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I first came across this book when I was looking for a Christmas gift, and even though it didn’t quite fit the gift idea that I had in mind, I knew that I had to read this book. Finna is an absurd little story that perfectly encapsulates the feeling of working a low wage corporate retail job. The plot is simple: Ava and Jules work in definitely not IKEA, and a shopper’s grandmother has wandered off into a wormhole and gotten lost in the maze of multidimensional Scandinavian furniture store hell. Their supervisor sends them after her. Also, they just broke up.

The premise is a little ridiculous, but it feels totally plausible. Of course corporate downsizing eliminated specialized teams who used to handle interdimensional recovery! When has any large corporation cared about the safety of their workers? And training naturally consists of watching a single VHS tape that was filmed decades prior, before you’re expected to just…do whatever it is the company needs you to do. Capitalism is bleak, but we live in it, and we have to play by its rules. Some people, like the manager, embrace these rules because they think that playing by the rules will get them somewhere. Others, like the main duo, are just trying to get by, and try their best to create the best out of a bad situation.

This brings me to the relationship between Ava and Jules. As readers, we come into the relationship at its worst. Ava is anxious and overbearing, constantly thinking of how things can go wrong and trying to mitigate every possible disaster. This includes managing Jules, who is adamant about being their own person, despite the soul crushing job and their difficult past. The relationship wasn’t an inherently bad one: Jules managed to ease some of Ava’s tension, while Ava was more on top of things like dishes. But Ava’s need to fix anything grated on Jules’ desire for independence, and their reluctance to open up just made her worry harder. I really appreciated how there wasn’t any blame or fault assigned to the breakup, it was just a bad thing that had happened. But we also see the good parts of their relationship, how they started as work friends with fun little injokes, the kind of bonding that only happens in work situations. Their relationship is probably the reason why they both stayed in the bad job in the first place, and it made a bad situation bearable. And sometimes, what you need to work out your problems is some quality time together to talk about your feelings, while also escaping carnivorous chair plants and fighting off creepy clones.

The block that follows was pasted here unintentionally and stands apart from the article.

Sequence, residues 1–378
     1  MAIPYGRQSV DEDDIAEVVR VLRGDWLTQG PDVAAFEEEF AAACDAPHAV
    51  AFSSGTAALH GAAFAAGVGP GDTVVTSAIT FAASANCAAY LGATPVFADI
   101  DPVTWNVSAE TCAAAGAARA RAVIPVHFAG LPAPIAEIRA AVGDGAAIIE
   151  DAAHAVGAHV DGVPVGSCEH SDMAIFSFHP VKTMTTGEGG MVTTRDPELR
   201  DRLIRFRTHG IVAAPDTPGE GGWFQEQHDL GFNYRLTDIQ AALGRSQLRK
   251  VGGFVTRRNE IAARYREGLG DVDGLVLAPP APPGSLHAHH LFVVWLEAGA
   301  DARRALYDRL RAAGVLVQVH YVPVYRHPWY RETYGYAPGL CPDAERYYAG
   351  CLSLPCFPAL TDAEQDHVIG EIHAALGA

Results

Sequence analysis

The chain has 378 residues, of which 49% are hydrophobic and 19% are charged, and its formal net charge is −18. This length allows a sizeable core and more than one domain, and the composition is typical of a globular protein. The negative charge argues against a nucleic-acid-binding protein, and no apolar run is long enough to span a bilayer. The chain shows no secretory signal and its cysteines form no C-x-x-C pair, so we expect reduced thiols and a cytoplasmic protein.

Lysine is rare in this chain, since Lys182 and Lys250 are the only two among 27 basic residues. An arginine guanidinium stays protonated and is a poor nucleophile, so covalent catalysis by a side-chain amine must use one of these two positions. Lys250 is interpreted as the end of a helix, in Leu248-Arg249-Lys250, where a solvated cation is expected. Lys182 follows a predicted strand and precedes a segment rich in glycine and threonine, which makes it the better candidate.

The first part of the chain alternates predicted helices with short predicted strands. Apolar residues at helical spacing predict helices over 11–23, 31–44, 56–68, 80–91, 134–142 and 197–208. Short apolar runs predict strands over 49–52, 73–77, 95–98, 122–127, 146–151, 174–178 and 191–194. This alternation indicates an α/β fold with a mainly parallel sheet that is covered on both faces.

This book was fun, and also really heartfelt. It’s about deciding what’s really important and the kind of people you want to spend time with in your life. It’s about queer love and the many forms that can take. There’s so much packed into such a little package, and even more that I haven’t touched on here. I had a hard time putting it down, which meant it was good that it wasn’t that long, because I wouldn’t have been able to get anything done if it was any longer!

Sam reviews The Warrior Moon by K Arsenault Rivera

the cover of Warrior Moon

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If there is one simple truth about writing that is not given nearly enough credit, it is this: endings are hard. It is far easier to begin a story than end one; it is even easier to continue a story than end one. Ending a story means answering any questions that deserve answers, completing any character or narrative arcs yet unfinished, and bringing the story to a definitive and satisfying conclusion. A good ending feels worthy of the time and effort the story took to reach it; a fantastic ending elevates what came before to new heights once the reader can view the complete work in its entirety.

But even putting quality aside, I believe that what makes endings so uniquely hard to write is that all endings (if true endings they really are) require the author to stop writing and finally let their work stand on its own. To end a story, the author must put down the pen and say, “It is finished. There’s no more—this is all there is. This is the story that I wanted to tell.”